Liverpool: Walker Art Gallery given Monet and Degas paintings

Image caption, New impressionist artworks will be on show at the Walker Art Gallery

  • Author, Gemma Sherlock
  • Role, BBC News, Merseyside

Paintings by two of Europe’s most famous artists have been given to a city gallery.

The Walker Art Gallery, Liverpool, has received works from French impressionist painters Claude Monet and Edgar Degas.

Monet’s ‘The Epte in Giverny’ and Degas’ ‘Modiste Decorating a Hat’, will go on display on 27 April.

Kate O’Donoghue, from National Museums Liverpool, said they will “inspire visitors for many years to come”.

Image source, Walker Art Gallery, National Museums Liverpool

Image caption, Modiste Decorating a Hat, 1891-1895, Edgar Degas

Ms O’Donoghue said: “Claude Monet’s landscapes and Edgar Degas’ scenes of everyday life epitomise the impressionist movement and it’s difficult to overstate quite how special it is to obtain these new works by two of Europe’s most famous artists.”

Painted in 1884, The Epte in Giverny by Monet presents a vibrant, leafy scene in the village of Giverny in Normandy, France, where the artist painted his famous water lily series.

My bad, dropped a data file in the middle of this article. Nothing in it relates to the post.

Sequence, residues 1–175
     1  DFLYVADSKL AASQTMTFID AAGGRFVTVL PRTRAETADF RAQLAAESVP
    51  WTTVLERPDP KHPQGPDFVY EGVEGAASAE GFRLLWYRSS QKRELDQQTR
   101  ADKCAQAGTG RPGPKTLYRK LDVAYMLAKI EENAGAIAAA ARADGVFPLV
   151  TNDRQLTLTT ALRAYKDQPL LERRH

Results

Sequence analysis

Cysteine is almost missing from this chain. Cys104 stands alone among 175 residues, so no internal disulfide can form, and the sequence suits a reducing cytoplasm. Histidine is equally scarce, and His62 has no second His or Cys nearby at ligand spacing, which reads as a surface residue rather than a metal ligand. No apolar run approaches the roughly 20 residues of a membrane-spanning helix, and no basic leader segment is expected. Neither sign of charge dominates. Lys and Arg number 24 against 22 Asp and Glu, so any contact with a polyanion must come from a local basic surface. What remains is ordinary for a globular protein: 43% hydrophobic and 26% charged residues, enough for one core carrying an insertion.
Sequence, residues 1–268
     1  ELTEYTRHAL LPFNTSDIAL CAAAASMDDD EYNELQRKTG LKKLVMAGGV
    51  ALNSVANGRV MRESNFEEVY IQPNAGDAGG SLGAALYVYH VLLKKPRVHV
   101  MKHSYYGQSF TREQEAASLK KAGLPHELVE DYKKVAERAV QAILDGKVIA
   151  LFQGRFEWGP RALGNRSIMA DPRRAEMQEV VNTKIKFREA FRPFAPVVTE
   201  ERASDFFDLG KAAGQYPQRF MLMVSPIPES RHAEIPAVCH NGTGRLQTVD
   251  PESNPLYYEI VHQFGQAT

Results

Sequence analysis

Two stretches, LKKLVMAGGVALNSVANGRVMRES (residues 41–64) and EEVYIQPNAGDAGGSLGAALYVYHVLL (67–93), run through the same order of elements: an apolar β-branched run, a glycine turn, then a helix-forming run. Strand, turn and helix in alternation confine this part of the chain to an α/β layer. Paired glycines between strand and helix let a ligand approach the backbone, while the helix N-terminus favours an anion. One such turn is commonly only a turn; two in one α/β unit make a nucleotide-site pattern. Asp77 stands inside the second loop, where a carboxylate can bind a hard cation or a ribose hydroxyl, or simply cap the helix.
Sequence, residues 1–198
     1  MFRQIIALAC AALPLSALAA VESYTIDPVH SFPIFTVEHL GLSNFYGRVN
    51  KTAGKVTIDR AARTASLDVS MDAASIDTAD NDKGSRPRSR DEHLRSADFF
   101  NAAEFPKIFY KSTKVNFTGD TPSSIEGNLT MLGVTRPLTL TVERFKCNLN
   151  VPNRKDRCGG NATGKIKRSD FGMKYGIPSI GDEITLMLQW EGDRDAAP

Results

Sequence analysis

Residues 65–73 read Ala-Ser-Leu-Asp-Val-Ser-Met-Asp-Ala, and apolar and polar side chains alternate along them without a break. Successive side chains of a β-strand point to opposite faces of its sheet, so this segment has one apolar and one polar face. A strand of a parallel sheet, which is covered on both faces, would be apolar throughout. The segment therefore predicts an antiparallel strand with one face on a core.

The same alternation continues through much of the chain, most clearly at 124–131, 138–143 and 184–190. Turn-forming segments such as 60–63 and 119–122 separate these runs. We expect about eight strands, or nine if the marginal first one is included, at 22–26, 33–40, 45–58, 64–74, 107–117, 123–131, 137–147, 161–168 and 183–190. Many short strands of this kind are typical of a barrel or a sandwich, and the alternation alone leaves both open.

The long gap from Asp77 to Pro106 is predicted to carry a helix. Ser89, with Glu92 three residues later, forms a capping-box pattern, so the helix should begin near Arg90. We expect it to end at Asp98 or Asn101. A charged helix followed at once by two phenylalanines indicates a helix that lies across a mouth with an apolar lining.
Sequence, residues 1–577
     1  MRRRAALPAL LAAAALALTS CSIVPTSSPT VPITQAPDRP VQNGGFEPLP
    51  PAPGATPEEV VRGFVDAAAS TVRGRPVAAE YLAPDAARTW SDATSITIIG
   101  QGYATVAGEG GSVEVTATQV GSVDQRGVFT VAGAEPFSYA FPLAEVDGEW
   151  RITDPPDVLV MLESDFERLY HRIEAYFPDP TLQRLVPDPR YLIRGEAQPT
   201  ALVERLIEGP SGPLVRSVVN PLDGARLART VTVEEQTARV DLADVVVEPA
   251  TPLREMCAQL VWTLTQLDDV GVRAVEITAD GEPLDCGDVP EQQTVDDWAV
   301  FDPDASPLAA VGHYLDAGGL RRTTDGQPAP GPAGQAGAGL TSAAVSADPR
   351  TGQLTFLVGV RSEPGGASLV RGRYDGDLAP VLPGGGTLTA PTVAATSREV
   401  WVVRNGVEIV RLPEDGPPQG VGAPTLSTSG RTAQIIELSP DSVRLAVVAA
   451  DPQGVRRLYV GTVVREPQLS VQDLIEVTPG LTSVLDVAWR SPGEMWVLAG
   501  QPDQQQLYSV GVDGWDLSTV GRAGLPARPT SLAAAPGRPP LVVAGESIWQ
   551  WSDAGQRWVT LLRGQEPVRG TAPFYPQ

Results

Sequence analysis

It will sit in the Walker’s existing collection, which already holds Monet’s ‘Break-up of the ice on the Seine, near Bennecourt’.

Degas’ ‘Modiste Decorating a Hat’ depicts a milliner adjusting a hat in a shop window.

It joins another work by Degas in the Walker’s collection, ‘Woman Ironing’, which is currently on loan to the museum.

Image source, Walker Art Gallery, National Museums Liverpool

Image caption, The Epte in Giverny, 1884, Claude Monet

The new acquisitions come from the collection of Mary Elliot-Blake, who died in 1996.

They have been owned by the Montagu family, and owing to the family’s connections to Liverpool, the paintings were allocated to the Walker under the Acceptance in Lieu scheme.

The scheme allows people who have an Inheritance Tax bill to pay to transfer important cultural, scientific or historic objects and archives to the nation.

Material accepted under the scheme is allocated to public museums, archives or libraries.

A spokesman for National Museums Liverpool said the organisation was “extremely grateful to the Montagu family for supporting the acquisition, to the Rick Mather David Scrase Foundation for generously funding the conservation of the works, and to Christie’s for their assistance with negotiations”.

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